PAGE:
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That Old Black Magic

Maduros created using time-honored methods are sparking a rebirth for the mysterious dark-wrapper cigars
David Savona
From the Print Edition:
Sharon Stone, July/Aug 2004

Smoke a dark cigar lately? Odds are you have. Maduros are becoming ever more popular on the U.S. market, and cigar shop humidors that once were a sea of golden-brown Connecticut-shade cigars are now awash in dark colors, ranging from rich browns all the way to BMW black.

Even as maduros grow in popularity, mystery surrounds the cigars, the methods by which they are made, and even how they taste. Done right, the production of maduros is a time- and labor-intensive process that mellows and sweetens a cigar rather than making it stronger. As more manufacturers return to the traditional methods of curing maduro tobacco, the market is responding favorably—whether it understands the sublime alchemy or not.

"Years ago, the trend was all Connecticut wrapper and light cigars," says Gary Pesh, chief executive officer of the Old Virginia Tobacco shops in the Washington, D.C., area. "The market has changed."

Most non-Cuban cigar brands now have a maduro version. The biggest sellers in the handmade-cigar world, Macanudo and Arturo Fuente, have long come in maduro. Punch and Hoyo de Monterrey were two of the earliest brands to have maduro wrappers. There are maduro La Gloria Cubanas, Ashtons, Fonsecas, La Flor Dominicanas,

Avos, Padróns and many others. Some brands, such as Onyx Reserve and Arturo Fuente Añejo, consist entirely of maduros.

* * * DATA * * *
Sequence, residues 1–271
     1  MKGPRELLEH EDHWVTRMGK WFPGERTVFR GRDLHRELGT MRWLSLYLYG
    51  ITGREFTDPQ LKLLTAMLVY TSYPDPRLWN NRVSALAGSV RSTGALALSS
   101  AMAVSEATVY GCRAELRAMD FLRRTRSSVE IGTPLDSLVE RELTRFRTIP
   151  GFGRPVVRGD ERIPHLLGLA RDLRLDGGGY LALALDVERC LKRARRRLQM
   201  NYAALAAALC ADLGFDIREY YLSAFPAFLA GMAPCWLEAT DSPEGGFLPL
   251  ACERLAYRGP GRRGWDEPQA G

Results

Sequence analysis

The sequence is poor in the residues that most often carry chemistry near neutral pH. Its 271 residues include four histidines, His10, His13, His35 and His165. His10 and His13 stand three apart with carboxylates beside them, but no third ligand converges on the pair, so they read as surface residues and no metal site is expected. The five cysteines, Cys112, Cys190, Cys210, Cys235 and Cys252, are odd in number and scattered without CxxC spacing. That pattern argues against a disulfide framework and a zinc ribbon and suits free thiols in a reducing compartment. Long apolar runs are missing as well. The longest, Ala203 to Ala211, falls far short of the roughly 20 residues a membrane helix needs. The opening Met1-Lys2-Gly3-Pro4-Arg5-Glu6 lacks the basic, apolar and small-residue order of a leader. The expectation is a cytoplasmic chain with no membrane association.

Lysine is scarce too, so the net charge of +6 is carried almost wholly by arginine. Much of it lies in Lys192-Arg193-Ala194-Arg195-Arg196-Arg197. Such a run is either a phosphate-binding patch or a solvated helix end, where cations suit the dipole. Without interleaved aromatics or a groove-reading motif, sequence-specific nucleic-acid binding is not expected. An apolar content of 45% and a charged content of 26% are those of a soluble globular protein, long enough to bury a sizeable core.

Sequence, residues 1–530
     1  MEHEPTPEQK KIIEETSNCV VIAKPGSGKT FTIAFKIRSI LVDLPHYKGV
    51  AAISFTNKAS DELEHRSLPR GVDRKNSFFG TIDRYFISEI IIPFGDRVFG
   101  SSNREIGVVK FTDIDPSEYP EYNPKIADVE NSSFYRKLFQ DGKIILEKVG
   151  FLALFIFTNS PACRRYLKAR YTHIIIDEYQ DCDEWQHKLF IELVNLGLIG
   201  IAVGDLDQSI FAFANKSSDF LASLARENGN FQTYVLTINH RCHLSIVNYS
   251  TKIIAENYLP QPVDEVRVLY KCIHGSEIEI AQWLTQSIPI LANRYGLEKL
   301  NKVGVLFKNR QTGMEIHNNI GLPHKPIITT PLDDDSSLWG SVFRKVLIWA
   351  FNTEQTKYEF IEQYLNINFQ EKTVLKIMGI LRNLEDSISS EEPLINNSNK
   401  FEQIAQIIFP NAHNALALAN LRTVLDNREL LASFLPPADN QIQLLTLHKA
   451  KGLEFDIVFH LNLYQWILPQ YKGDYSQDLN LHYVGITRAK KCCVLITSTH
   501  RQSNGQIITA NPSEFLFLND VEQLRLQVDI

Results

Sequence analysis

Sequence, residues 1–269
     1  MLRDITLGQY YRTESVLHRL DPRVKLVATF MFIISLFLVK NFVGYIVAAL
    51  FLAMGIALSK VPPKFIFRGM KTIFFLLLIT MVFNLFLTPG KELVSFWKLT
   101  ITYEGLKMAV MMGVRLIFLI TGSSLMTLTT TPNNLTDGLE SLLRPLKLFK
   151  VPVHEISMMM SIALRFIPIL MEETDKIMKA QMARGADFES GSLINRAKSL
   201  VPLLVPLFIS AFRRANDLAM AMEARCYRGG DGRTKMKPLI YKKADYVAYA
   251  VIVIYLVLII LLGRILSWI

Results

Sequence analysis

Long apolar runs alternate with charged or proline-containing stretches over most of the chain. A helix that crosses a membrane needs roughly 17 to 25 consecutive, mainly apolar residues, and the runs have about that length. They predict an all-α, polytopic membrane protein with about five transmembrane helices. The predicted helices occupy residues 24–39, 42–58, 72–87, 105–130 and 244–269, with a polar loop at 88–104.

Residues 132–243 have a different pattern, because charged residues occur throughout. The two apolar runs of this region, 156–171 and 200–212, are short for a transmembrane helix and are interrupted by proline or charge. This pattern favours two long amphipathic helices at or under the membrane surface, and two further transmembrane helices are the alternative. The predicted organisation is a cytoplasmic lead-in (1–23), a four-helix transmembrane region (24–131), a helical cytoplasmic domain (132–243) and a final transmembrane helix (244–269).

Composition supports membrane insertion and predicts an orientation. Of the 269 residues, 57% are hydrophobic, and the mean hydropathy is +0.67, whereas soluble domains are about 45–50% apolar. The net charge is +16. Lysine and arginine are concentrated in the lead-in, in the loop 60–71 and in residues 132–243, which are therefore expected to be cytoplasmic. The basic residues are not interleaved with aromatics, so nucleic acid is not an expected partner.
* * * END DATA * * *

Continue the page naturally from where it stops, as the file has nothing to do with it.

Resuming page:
And the dark cigars keep coming. Romeo y Julieta and El Rico Habano added maduro versions last year. C.A.O. created a double maduro called the MX2 in 2003, the first Camacho maduros went on sale in April, and Altadis U.S.A. Inc. was planning on debuting a maduro Trinidad at a July trade show.

"The biggest success we had last year was with Romeo maduro," says Jim Colucci, senior vice president of sales and marketing for Altadis U.S.A. "Onyx Reserve is a big one—it just keeps growing. Maduros definitely are in demand."

Dark cigars have great appeal to cigar smokers. In an April poll conducted on cigaraficionado.com, 94 percent of respondents said they had smoked maduros and 21 percent named them as their smoke of choice.

"I prefer a maduro wrapper to everything else," writes user brianbzed on Cigar Aficionado Online. "Up until six months ago," writes forum member Tiny Tim, "I didn't smoke maduro cigars at all. But then I tried some of them and now they're almost all I buy!"

Because of their dark wrappers, maduros can scare off less seasoned smokers, who assume a dark brown or black exterior means the cigar will be strong. "The newer people tend to see maduros as very strong and tend to shy away from them," says Pesh.


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